The large replica flag with 15 stripes and 15 stars.
Colonel George Armistead commanded the gallant defense
of Fort McHenry during the British attack in the War of 1812
on September 13-14, 1814
In the 24 hour bombardment, four Americans were killed:
Lt. Levi Claggett, Sgt John Clemm, Thomas Beeston, Charles Messinger
and 24 were wounded.
Fort McHenry is one of the most interesting and well maintained historical sites in the National Park Service. It is a fascinating place to visit, and so much to see: cannons, barracks, earthworks, bomb shelters, jail cells, bunkers.
The fort was begun early in the history of the country as a defense for the city of Baltimore. It is named for James McHenry, George Washington's Secretary of War - 1796-1800.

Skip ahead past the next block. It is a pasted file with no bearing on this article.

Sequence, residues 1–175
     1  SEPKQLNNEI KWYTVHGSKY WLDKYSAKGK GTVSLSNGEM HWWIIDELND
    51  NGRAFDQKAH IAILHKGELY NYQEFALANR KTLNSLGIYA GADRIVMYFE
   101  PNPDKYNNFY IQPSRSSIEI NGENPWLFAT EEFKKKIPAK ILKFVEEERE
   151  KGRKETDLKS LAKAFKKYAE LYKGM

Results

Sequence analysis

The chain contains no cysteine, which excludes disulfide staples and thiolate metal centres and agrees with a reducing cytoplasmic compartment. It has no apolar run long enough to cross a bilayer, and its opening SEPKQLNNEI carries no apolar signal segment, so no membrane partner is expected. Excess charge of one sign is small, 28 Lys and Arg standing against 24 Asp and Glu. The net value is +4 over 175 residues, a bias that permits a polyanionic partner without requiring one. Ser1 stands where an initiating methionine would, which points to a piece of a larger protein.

During the War of 1812, Fort McHenry was fired upon by the British ships with rockets and mortars for over 24 hours. Francis Scott Key was on the deck of a British truce ship during the bombardment. He penned the poem, which is now our national anthem, the Star Spangled Banner, when he saw the huge flag still flying over the fort.
During the Civil War, the fort was used as a detention center for Confederate prisoners.
During WWI, many buildings were erected around the fort and used as a hospital for wounded soldiers.
The first time I saw Fort McHenry was at dusk, from a ship in the Baltimore Harbor.
It was one of the most touching moments of my life.